Attempting to merge films with the ephemeral art of dance, Deborah Brockus, artistic director of Brockus Project Dance Company, presented "Caught Between: Dancing for Camera and Live Audience" at the Ivar Theatre in Hollywood over the weekend. The 12-part program--oldies, excerpts and premieres--yielded mixed results.
Although dance on film can range from flat to breathtaking, nothing beats the intoxicating aspects of well-performed live dance with good choreography, when flesh and blood beckon the audience's senses, taking them on a journey of discovery and satisfaction. "Inside Out," was such a dance, with Kelley Parker and Scott Hislop giving life to Alexandre Magno's hot, if overly commercial, 1992 choreography. Sensual partnering made for a compelling work, with Magno's video (a premiere) of the couple redundant, indeed, a distraction from the onstage action.
Bodytalk dance's Lauren Winslow Kearns made better use of a slide from Notre Dame as backdrop to her premiere, "Holding," a duet between her and Sally E. Lambert punctuated by swinging arms and whiplash-like partnering. Winslow Kearns' other premiere, the film "Everywhere I Look," saw her moving fluidly through an all-white space.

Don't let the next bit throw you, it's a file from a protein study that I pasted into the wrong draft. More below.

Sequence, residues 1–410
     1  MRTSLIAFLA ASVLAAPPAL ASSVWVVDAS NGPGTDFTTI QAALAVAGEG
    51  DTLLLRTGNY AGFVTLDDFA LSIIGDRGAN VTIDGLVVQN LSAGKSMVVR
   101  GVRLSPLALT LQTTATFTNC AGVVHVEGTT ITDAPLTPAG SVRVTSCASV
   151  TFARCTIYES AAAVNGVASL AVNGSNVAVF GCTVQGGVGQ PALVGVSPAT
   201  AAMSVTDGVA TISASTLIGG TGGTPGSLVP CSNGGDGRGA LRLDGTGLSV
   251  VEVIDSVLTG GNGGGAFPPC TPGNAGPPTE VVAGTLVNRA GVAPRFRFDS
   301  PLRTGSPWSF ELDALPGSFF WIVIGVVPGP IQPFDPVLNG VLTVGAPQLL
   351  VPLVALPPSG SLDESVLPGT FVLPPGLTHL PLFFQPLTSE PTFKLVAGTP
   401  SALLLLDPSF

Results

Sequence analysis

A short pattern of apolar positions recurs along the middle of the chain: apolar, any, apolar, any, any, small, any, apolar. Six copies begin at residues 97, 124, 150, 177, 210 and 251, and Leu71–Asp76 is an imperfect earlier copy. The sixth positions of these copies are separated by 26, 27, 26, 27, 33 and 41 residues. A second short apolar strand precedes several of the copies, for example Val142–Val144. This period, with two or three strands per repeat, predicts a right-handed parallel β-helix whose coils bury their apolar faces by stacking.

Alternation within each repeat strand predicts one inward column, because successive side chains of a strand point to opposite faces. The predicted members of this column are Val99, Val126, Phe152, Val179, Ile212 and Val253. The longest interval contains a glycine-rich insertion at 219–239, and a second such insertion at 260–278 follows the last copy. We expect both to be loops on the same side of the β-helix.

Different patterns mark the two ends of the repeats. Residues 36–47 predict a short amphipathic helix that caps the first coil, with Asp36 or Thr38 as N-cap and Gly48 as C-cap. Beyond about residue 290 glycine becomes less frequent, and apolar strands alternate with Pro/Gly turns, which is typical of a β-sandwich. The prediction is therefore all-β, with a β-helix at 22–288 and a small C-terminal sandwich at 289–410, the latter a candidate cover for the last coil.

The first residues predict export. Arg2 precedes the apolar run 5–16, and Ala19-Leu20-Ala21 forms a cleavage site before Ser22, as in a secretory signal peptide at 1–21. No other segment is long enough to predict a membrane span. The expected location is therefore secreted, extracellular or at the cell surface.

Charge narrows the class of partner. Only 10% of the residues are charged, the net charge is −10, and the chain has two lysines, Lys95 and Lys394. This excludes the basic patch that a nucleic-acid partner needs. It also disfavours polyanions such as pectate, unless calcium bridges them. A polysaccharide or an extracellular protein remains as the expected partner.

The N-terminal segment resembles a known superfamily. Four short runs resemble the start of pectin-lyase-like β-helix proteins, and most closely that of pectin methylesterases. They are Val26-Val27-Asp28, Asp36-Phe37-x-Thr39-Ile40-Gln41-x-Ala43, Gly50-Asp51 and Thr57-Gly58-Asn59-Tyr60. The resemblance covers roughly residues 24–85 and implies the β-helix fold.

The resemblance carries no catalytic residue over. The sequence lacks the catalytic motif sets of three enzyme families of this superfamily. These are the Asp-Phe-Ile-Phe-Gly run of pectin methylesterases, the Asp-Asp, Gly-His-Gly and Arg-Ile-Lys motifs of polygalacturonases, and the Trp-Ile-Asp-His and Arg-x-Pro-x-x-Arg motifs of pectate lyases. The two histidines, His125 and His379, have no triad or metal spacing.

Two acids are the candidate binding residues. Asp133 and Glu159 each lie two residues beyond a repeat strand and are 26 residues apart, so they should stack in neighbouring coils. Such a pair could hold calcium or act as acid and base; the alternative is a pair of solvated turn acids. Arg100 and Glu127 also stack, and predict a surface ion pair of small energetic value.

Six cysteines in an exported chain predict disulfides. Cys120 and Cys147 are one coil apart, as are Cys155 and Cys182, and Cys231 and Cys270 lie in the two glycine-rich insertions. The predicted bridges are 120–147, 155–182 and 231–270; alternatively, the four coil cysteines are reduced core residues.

Another dance-film premiere was Brockus' "Places Between." Beautiful but benign, it featured dancers moving from beach to desert to city in colorful costumes.
Other stand-alone films: Stephanie Gilliland's brilliant black-and-white "The Elevator Dance" (2001), a grainy, "dance noir" party taking place in an elevator with her hard-working company, Tongue; Jamie Nichols' "Caixa del Sol (Box of Sun)" from 1990 with a hip-swinging, shadow-filled duet; and "Four Minutes," Sallie DeEtte Mackie's artful look at local dancers she has photographed since 1992.
Previously seen but making effective use of live dance and video were Rosanna Gamson/World Wide in excerpts from "Rita Goes to Hell" (2001), and the feral "Instinct" (2002), choreographed by Hysterica Dance Company director Kitty McNamee.
Less successful was Nina Kaufman's "Flight" (2001), a static film and duet. Nina Winthrop's film, "Too Close for Conversation," was clever, but her work-in-progress, "Prism," featuring a live musician and solo dancer, had no film and didn't belong in the show. Where were Fred and Ginger when you needed them?